Two recent developments are worthy of note here. First, the Fourth Circuit reached the right decision in the fight over the jerryfalwell.com website. After nearly ten years of bad decisions by ignorant judges, it is good to see some common sense coming into play. Too bad it is too late to help my former comrade in arms Mike Doughney and his Peta.Org website.
. . .
First, the Jerry Falwell.com case. As the cited article points out, Chris Lamparello uses the domain name falwell.com to criticize Falwell’s position on homosexuality. Falwell won a district court injunction against Lamperello requiring Lamperello to stop using falwell.com because it infringed on Jerry Falwell’s trademark. Much to everyone’s surprise, the Fourth Circuit Court of Appeals reversed. The court found that Lamperello’s site did not infringe on Falwell.
The opinion was a fairly strong win for gripe cites, which the court noted have recently won some good victories in Ninth and Sixth Circuits. The court found that the website in question made clear that it was not affiliated with Falwell in any way, so that no confusion was possible. The court also expressed skepticism about “initial interest confusion” and criticized two very bad cases from the early days of 1998.
“Initial interest confusion” works like this — I use someone else’s trademark to attract your attention, then I sell you my competing product. While not classic infringement, since I have not decieved you into thinking my product _is_ the other person’s product, I have stolen business from the mark holder by using his or her mark.
This doctrine had little currency before the proliferation of the Internet. It was seized upon by a passle of ignorant judges early on who (a) knew they hated the idea that someone other than the commercial mark holder had registered “their” domain name, but (b) couldn’t make out a case for infringement, since just registering a domain name and having it lead to radically different content wasn’t infringement.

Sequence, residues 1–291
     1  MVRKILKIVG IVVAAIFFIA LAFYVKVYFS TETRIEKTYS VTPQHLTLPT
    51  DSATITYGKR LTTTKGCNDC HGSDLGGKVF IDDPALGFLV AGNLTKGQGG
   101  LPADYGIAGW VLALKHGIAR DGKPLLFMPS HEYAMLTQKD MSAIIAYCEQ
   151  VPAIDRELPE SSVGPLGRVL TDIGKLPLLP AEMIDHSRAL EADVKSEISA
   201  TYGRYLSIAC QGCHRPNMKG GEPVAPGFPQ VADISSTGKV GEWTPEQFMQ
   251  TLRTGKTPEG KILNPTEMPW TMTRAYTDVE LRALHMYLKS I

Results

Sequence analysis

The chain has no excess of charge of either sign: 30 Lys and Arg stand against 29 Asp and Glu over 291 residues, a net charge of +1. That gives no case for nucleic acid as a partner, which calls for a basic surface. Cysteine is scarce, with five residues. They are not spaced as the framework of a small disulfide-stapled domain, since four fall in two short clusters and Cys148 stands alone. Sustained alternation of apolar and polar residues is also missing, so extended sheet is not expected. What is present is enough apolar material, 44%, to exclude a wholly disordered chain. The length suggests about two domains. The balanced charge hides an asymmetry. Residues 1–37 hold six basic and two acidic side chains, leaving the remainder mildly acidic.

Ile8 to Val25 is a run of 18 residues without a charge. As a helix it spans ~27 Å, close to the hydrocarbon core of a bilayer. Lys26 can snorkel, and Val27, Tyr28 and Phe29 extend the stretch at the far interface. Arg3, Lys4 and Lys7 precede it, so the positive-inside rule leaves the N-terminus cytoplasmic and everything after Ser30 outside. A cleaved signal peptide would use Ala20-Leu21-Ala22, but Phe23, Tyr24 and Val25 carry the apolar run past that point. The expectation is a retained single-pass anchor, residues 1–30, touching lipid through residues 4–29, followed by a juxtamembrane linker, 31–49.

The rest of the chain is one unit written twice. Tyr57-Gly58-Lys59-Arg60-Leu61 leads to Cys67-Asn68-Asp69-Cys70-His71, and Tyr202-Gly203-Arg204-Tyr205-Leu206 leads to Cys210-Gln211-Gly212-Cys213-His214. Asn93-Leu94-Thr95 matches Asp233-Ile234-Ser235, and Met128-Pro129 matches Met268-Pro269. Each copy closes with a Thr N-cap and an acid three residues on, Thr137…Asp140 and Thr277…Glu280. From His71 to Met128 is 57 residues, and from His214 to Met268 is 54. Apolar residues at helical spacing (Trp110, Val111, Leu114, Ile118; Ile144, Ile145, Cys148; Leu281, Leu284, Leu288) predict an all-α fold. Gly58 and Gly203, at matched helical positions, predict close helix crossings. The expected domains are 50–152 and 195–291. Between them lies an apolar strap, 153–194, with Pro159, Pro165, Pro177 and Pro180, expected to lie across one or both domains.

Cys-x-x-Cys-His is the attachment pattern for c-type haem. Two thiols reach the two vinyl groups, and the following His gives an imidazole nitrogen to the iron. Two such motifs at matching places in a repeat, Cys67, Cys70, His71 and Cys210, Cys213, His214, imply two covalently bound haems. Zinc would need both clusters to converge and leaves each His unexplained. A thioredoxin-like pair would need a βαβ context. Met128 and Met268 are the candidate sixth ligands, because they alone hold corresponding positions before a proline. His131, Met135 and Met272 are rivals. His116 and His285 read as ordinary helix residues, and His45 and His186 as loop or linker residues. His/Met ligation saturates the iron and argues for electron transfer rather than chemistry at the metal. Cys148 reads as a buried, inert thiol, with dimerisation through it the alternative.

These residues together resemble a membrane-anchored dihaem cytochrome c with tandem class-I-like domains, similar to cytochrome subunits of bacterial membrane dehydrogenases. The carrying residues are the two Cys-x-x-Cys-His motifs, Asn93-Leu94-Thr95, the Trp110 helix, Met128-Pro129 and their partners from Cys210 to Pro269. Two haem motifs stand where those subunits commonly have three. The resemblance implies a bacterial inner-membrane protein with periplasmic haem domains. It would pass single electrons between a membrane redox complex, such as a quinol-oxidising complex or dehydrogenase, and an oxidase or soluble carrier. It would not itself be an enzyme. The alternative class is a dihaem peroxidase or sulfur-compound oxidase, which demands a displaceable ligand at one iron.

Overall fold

So judges came up with this idea that if I, dumb head internet user, typed www.panavision.com and came upon a picture of Pana, Il. instead of the company Panavision, I would become so frustrated with the Internet I would never use it, depriving Panavision of the commercial benefit of my visit. Or so said the Ninth Circuit in Panavision v. Toepen back in the 1990s.
Time goes on and judges eventually catch up with reality. While initial interest confusion might make sense in the context of fungible products, it doesn’t make sense anymore. The _Falwell_ court was critical of early cases such as “Jews for Jesus v. Brodsky,” which found initial interest confusion when someone set up a webpage at jewsforjesus.org that proclaimed “Jews Cannot Be For Jesus! For information about real Judaism, click here” and linking to a website for a traditional Jewish organization. (Jews for Jesus also invented the idea that if your site is non-commercial but links to someone else’s site that encourages a commercial transaction, your use of the website is “in commerce.”)
I’m happy with result but bitter that it took so long and did not come fast enough to help Mike Doughney.